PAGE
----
Sandstone arch

Antidote to gloomy winter: revisit brilliant summer!—in this case, Pictured Rocks National Lakeshore on Lake Superior’s south shore in Michigan’s Eastern Upper Peninsula.

Vain lines?

Phone “tree.”

…a few vain lines in imitation of more learned men. (p. 58)

He lay with the book on his chest, now thinking that he’d always lived his life in hope of gain. When Joe Tenney, a better man, had lived in hope of gifts and giving. (p. 103)

—from Karen Fisher’s “A Sudden Country” (2005, Random House)

Ms. Fisher’s novel is a keeper. The setting is 1847 on the Oregon Trail. Her characters resonate and she reveals their hidden stories in slow, unanticipated pulses. She is very sensitive to the nuances of different cultures and walks of life, the very stuff of anthropology. Lest you imagine that this novel is “soft” and Victorian-kindly, here’re more of her words:

…by fifteen years of age, he’d learned what some of this world’s people could delight in.
He’d seen a Naskapi pull off a captive’s thumbs on long tendons, to string through his own ears for bobs. Seen a line of fires built inside a hall, gone in with the people who sat on benches as though waiting at a theater. Seen captives brought in to run through flames, to have their toes cleaved off with hatchets and be made to run again…he’d seen one night of torture so long and so inspired, so hateless and considerate in its artistry, as had left him sure the minds of such people would forever lie beyond the reach of men like him, who did at least ponder now and then the reasons for things. (p. 115)

All these quotes refer to the same character, MacLaren, whose mental moorings fluctuate. I do not remember encountering the name Naskapi before now. Googling reveals that the Naskapi are an Innu (native) group from eastern Canada (Quebec, Labrador) who eventually allied with the French against the Iroquois Confederacy. Is this a clue that MacLaren has traveled to eastern North America? [I haven’t finished the book yet….]

Trivia: what if the powder (not ricin, but substance hasn’t been named) the University of Texas student found on her roll of quarters (given to her by her mother) when she was preparing to do her laundry is…soap powder! (Thanks, John!)

Underlying theme of this entry: the obscuring of truths.

Pledge: I’ll strive to avoid overemployment of “vain lines” in this blahg.

Lingering leftovers

There’s no other workable conclusion. It must be the end of the weekend: the leftover homemade pizza is gone. R U ready for Monday?

Iraq outcome?

John Kifner, in today’s NY Times (well, today on the web, tomorrow in print) notes that sometimes a there’s a turning point in history with two possible outcomes. After a dramatic event, things can continue to escalate, or they may reach a point of disruption such that affected parties are willing to agree to a stand-off. On Friday, religious leaders in Iraq sought to restore calm, but, as Kifner asks, will it last?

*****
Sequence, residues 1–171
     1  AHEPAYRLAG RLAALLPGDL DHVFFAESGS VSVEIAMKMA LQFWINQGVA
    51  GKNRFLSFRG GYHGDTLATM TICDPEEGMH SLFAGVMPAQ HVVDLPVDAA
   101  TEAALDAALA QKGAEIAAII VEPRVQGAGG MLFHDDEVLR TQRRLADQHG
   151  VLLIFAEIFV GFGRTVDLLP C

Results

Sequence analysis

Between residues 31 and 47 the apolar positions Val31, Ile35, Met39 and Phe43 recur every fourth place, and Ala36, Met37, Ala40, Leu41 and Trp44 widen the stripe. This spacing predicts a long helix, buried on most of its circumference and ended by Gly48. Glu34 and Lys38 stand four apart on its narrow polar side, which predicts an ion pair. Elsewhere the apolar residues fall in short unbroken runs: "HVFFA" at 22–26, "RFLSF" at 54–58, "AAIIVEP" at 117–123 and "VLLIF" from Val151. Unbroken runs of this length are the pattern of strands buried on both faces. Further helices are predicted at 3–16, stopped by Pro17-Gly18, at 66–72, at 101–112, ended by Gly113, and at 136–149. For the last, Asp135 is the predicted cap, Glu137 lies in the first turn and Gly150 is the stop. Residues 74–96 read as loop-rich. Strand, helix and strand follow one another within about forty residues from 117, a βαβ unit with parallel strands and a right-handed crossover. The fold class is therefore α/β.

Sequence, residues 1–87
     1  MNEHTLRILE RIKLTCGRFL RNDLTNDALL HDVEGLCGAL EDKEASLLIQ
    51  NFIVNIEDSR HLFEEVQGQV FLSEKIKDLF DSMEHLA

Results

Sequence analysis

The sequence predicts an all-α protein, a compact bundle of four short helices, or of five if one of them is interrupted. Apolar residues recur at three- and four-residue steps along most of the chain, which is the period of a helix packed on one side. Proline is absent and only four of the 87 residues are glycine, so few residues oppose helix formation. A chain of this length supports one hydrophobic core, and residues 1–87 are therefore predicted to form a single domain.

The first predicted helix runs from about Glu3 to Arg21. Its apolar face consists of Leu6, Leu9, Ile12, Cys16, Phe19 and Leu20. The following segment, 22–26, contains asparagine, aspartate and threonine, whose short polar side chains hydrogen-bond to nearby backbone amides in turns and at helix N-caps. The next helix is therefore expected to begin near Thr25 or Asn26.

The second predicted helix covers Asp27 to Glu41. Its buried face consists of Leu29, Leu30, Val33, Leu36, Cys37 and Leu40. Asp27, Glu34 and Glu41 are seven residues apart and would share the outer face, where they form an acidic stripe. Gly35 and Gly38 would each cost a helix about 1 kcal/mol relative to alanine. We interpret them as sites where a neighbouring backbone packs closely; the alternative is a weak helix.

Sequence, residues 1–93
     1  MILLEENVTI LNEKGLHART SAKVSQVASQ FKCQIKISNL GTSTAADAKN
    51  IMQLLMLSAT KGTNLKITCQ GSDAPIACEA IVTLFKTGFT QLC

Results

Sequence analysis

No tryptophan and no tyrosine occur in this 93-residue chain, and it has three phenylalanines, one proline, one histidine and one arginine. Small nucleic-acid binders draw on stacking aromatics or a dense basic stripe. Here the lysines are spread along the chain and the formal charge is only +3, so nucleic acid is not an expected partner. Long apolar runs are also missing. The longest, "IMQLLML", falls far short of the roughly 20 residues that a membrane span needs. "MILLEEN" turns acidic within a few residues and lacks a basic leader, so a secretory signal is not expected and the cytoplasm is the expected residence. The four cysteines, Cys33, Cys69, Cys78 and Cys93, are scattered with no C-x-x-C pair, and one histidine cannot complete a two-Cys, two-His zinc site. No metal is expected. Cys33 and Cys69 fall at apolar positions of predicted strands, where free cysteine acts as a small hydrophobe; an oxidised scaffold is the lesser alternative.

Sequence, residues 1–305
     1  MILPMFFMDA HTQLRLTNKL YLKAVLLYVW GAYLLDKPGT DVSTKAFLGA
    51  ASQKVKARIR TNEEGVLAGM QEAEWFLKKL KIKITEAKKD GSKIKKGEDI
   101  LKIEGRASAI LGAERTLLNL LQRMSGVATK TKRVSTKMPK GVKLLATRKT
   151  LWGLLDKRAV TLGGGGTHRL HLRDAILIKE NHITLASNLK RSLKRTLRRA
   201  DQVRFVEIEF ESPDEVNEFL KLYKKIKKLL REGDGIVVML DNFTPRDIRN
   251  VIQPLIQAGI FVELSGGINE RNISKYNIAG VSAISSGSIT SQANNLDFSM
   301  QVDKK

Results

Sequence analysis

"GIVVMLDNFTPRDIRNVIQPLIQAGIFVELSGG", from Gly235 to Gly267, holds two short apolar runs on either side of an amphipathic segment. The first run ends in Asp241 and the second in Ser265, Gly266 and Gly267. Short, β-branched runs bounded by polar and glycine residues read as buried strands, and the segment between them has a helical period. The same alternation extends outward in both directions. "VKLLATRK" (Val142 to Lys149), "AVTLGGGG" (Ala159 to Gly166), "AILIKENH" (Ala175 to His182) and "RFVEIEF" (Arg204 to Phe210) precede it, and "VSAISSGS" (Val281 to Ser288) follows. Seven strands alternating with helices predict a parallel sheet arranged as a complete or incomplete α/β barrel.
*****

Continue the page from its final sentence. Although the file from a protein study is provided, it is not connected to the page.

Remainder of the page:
Bear with me….

About 15 years ago, Richard D. Alexander* argued that the cognitive abilities that distinguish modern Homo sapiens from other creatures, including other hominins, developed to allow us increased social problem-solving, especially during periods of accelerated competition. The result was improved cooperation. Language is part of this evolutionary adaptive package that resulted in larger brains and the behavioral changes that distinguish us from other creatures.

Peter Turchin*, using cross-cultural analysis, notes that there’s a pattern to human population cycling, at least through history where we have the data, of this sequence: political instability leads to population decline (both lower birth rates and rising mortality rates from increases in crime and/or warfare), followed by emigration from hostile areas. All this is happening now in Iraq—and other beleaguered nations and regions.

Turchin’s patterns are at a different scale than those described by Alexander. Nevertheless, it seems that our development of weaponry has outdistanced our social cognitive abilities, and technology is triumphing over our intellects. Is a modern HAL 9000 next?

* References

Alexander, R.D. (1989). Evolution of the human psyche. In P. Mellars, & C. Stringer (Eds.), The human revolution: behavioural and biological perspectives on the origins of modern humans (pp. 455–513). Princeton: Princeton University Press.

——— (1990a). How did humans evolve? Reflections on the uniquely unique species. Museum of Zoology Special Publication No. 1. Ann Arbor: University of Michigan.

——— (1990b). Epigenetic rules and Darwinian algorithms: the adaptive study of learning and development. Ethology and Sociobiology 11:1–63.

Turchin, Peter (2003). Complex Population Dynamics: A Theoretical/Empirical Synthesis. Monographs in Population Biology No. 35.

——— (2003). Historical Dynamics: Why States Rise and Fall. Princeton, New Jersey: Princeton University Press.

——— and Thomas D. Hall (2003). Spatial Synchrony among and within World-Systems: Insights from Theoretical Ecology. Journal of World Systems Research 9:37–64. (Download here.)